The start and finish dates are significant: from the end of Reconstruction (which closed the Civil War era) to the failure of the Bryan campaign (which marked the effective end of the People’s Party as a real force and the first awakening of the Socialist Party’s antecedents). In Debs’s case the start date is accidental — 1877 just happens to be the date of his first published work, but the parallel is convenient nonetheless.
• Next up is a collection of articles edited by our friend H. Wayne Morgan, he of the unreadably bad Debs biography mentioned here last week. His collection The Gilded Age: A Reappraisal (Syracuse University Press, 1963) is a far better effort. Indeed, it is regarded as an pioneering work that refocused American historical scholarship on an era that had been previously given short shrift — the Gilded Age having little of the drama and excitement of the Civil War and Reconstruction which preceded it or the obvious significance for the modern world represented by the Progressive Era which followed.
Ten scholars contributed articles for the volume, including Morgan’s influential think-piece, “An Age in Need of Reassessment: A View Beforehand,” DeSantis’s work on the evolving Republican Party (the dominant political force of the era), and Herbert Gutman’s labor history salvo, “The Worker’s Search for Power: Labor in the Gilded Age.” Gutman’s argument is interesting: that such a low percentage of American workers were unionized in the 1870s that unions were fairly unimportant institutions and that workers in small towns had a better situation than those in large cities owing to a tighter community and more constrained alternative labor market for employers seeking to impose draconian cuts.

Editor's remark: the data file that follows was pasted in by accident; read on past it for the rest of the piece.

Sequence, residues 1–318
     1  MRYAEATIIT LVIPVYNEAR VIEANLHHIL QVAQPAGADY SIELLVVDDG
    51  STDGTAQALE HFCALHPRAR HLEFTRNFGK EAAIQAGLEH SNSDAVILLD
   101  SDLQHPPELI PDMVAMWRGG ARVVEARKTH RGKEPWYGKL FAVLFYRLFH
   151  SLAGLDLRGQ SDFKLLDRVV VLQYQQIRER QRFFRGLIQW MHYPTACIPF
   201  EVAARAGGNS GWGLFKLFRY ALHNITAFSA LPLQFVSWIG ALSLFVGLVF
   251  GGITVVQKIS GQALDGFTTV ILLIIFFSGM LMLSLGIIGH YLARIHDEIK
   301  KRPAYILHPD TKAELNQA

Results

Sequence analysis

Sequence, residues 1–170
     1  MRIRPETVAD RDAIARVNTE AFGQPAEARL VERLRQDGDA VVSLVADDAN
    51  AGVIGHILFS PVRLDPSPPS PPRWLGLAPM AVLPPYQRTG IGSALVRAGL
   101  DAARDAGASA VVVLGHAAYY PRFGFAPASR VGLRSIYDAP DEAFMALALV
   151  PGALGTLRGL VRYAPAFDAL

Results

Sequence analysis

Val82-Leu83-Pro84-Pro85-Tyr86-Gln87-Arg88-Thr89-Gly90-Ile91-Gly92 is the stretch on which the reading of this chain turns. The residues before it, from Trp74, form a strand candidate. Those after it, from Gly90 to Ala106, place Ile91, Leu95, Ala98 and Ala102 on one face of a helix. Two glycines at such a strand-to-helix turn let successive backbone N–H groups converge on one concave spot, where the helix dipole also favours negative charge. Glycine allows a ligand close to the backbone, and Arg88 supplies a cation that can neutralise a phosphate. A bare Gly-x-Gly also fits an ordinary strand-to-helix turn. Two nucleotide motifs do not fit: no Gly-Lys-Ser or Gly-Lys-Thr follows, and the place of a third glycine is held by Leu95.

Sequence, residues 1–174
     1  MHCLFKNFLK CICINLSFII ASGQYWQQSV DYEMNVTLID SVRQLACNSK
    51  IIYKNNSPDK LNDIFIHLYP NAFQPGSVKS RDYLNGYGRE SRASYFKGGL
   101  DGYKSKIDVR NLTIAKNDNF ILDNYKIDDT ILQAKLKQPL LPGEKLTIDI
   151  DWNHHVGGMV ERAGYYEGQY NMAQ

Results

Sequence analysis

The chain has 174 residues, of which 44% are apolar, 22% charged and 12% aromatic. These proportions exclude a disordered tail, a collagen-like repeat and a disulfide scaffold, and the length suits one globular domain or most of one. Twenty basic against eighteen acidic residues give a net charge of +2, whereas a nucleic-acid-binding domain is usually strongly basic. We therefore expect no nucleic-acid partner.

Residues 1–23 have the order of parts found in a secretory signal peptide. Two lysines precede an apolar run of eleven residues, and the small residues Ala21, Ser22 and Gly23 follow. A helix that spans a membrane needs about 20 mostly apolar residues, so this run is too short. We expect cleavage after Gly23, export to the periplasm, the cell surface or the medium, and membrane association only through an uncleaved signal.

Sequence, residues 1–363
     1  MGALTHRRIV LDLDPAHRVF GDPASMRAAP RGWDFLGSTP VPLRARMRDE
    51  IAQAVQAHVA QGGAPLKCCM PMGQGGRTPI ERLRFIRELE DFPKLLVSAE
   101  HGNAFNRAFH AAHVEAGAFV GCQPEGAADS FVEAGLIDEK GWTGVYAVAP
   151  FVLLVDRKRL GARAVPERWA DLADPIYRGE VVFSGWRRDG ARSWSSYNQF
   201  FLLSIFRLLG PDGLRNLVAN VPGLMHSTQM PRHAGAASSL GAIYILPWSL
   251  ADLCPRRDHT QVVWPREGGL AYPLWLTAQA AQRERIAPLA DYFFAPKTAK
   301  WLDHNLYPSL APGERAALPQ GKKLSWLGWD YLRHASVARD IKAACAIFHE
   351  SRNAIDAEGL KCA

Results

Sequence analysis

• The number of quality biographies of President Grover Cleveland — arch nemesis of Debs during the 1894 Pullman Strike and after — isn’t great. One of the really decent ones just came rolling in. Published in two volumes in 1923, Robert McElroy’s Grover Cleveland: The Man and the Statesman bills itself as an “Authorized Biography,” which is a good enough red flag as any to the likely sympathetic bias of the writer. Still, it’s a solid account of the meteoric rise of the former Mayor of Buffalo and Governor of New York to the highest office in the land and the idiosyncrasies of his own “strong executive” conservatism. I look forward to mining the section on Pullman.
• I also got a nice cheap copy of the standard biography of radical abolitionist and popular orator Wendell Phillips (1811-1884), who along with Robert Ingersoll (1833-1899) was one of EVD’s life heroes and primary role models. It was published in 1961, the year of my birth, and was in VG+ condition in a dust jacket — which is how I feel most days. A little general wear and tear, nothing too major.
• “Important Lessons” — Nov. 1889 article — 1,860 words
• “Dishonest Bankers” — April 1891 article — 1,270 words
• “Message to the Federated Orders of Railway Employees” — June 1891 article — 4,410 words
• “An American Aristocracy” — July 1891 article — 1,025 words
• “Remedies for Wrongs” — July 1891 article — 2,660 words
• “The Expulsion of the Brotherhood of Railroad Trainmen” — Aug. 1891 article — 925 words
• “Facts About Federation” — Sept. 1891 article — 900 words
• “The Union Man, the Non-Union Man, and the Scab” — Sept. 1891 article — 1,325 words
• “A Crime Against Humanity” — Dec. 1891 article — 2,625 words
….Word count = 467,405 words in the can + 16,800 this week = 484,205 words
• 6 more Saturdays to go until the July 1 target for the end of output of editable text. There are still 116 article pdfs remaining to be processed (or rejected at second reading).